Authors: Carol Blessing, Marcie Brost, Beth Gallagher, Kirk Hinkleman, Peter Leidy, Beth Mount & John O’Brien
This short paper, written in response to a technical change in US regulations for Medicaid (the system that funds most disability services in the USA), may seem irrelevant to the concerns of those of working in other countries.
But it is not irrelevant; it’s a profoundly relevant expression of our ongoing efforts to live as citizens and to escape the growing ‘cogworld’ of systems and regulations that aim to control us for our own good.
The authors are some of the leading designers, thinkers and practitioners behind the brilliantly helpful concept of person-centred planning. Person-centred planning is a way of thinking, listening and facilitating that has inspired positive change in the lives of people with intellectual disabilities (in US terminology people with developmental disabilities) and many more. However putting such an approach into the hands of a bureaucracy has had a profoundly negative impact.
For instance, as the authors put it:
“The Interim Report puzzles us by enumerating an exhaustive list of facilitator competencies. None are objectionable but the collection as a whole is daunting. Although we have practiced for years, often with good results, none of us could claim all these proficiencies. In a complicated world, the qualities of a good facilitator seem to us a simple matter. Someone who approaches people with deep respect, presumes competency and seeks possibility, listens with curiosity and compassion, finds a way to host conversations that suits them and learns to do a bit better with each experience, encourages deliberate action, and only makes promises they can keep will be a good enough facilitator. These are qualities of character and commitment to learning that are passed on through membership in communities of practice rather than transmitted through curricula.”
There is a dual puzzlement here. The innovators are puzzled that the bureaucracy believes it can convert a shared human craft into a set of rules to be followed, incentivised and double-checked. The bureaucracy is puzzled because that is the only way it knows how to implement good practice. This paper is not quite an elegy for person-centred planning - its value and practice will continue in the hands of those who love and understand it. But it is perhaps an elegy for the seeming impossibility of human beings and social movements to engage intelligently with bureaucracies. The authors can see that once the system has decided to ‘incorporate’ person-centred planning within their system they seem incapable of respecting its true nature. It is like trying to write rules for Van Gogh - an impossible contradiction.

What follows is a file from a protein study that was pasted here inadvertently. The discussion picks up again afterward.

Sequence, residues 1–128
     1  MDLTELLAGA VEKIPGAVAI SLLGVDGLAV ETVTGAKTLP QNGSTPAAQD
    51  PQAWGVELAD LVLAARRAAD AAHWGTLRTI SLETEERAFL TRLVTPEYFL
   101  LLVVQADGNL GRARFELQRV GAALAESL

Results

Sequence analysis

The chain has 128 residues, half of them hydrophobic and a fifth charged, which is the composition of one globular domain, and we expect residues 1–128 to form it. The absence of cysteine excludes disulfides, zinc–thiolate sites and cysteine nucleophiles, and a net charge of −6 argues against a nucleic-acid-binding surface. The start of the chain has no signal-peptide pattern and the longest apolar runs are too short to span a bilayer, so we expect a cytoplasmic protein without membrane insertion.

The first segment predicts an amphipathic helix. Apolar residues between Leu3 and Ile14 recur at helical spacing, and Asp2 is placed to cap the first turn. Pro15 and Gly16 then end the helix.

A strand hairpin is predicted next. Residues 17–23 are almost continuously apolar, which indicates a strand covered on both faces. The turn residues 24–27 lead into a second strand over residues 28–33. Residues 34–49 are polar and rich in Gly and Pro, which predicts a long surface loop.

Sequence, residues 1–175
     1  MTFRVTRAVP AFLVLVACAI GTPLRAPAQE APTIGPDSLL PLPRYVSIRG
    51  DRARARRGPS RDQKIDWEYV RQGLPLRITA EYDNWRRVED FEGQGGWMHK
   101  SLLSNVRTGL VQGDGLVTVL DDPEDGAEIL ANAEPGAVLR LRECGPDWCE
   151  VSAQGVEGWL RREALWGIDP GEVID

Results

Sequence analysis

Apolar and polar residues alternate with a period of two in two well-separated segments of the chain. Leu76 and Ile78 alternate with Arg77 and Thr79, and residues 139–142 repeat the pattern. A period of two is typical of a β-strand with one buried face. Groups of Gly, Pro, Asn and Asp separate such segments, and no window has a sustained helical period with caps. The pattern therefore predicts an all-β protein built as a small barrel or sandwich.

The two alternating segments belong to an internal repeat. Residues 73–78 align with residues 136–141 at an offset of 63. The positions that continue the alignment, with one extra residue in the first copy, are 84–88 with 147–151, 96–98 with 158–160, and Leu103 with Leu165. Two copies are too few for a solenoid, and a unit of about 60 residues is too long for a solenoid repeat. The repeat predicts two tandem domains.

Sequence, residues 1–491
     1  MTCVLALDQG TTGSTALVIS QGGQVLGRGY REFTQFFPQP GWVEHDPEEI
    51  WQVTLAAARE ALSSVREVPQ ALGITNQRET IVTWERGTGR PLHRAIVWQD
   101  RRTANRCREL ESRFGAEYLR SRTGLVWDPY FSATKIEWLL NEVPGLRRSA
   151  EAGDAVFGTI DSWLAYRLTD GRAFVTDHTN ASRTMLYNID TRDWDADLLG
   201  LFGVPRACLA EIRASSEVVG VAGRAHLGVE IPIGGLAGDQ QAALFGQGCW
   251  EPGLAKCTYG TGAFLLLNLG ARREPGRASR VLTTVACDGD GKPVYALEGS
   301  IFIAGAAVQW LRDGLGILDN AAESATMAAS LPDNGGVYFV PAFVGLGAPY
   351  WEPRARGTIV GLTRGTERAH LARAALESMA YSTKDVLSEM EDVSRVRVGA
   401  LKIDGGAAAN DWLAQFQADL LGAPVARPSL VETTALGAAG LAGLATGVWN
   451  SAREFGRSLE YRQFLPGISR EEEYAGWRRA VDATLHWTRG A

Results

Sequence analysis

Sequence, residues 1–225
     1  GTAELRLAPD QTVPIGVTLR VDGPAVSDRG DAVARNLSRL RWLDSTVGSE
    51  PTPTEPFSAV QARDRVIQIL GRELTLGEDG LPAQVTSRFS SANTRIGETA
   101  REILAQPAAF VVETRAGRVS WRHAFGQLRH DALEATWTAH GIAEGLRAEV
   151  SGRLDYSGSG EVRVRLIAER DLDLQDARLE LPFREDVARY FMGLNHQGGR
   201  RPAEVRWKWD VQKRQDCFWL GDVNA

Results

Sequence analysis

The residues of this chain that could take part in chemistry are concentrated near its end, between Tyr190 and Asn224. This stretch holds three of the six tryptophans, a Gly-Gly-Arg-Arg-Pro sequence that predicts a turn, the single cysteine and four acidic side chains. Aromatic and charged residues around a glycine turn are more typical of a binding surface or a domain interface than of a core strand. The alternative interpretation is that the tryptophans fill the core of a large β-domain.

In the UK we have a different system, and our system’s dalliance with person-centred planning is now in the past. Now abusive institutions, regulated by our national regulator, talk easily about person-centredness and person-centred plans. They see no contradiction between abusive and isolating congregate care services and the idea of being ‘person-centred’. Governmental enthusiasm for person-centred planning has helped make a small number of person-centred planning trainers wealthy, selling other people’s work as their own, but we are now back in the desert, trying to figure out how to start again.
One conclusion we might draw from these contradictions and challenges is the importance of building our own community to share, develop and protect helpful practices from thoughtless bureaucracies and those who seek to sell them.
Read and download the free pdf in your browser, link below.
The publishers are Carol Blessing, Marcie Brost, Beth Gallagher, Kirk Hinkleman, Peter Leidy, Beth Mount & John O’Brien.
Dissent from Consensus © Carol Blessing, Marcie Brost, Beth Gallagher, Kirk Hinkleman, Peter Leidy, Beth Mount & John O’Brien 2019.
All Rights Reserved. No part of this paper may be reproduced in any form without permission from the publisher except for the quotation of brief passages in reviews.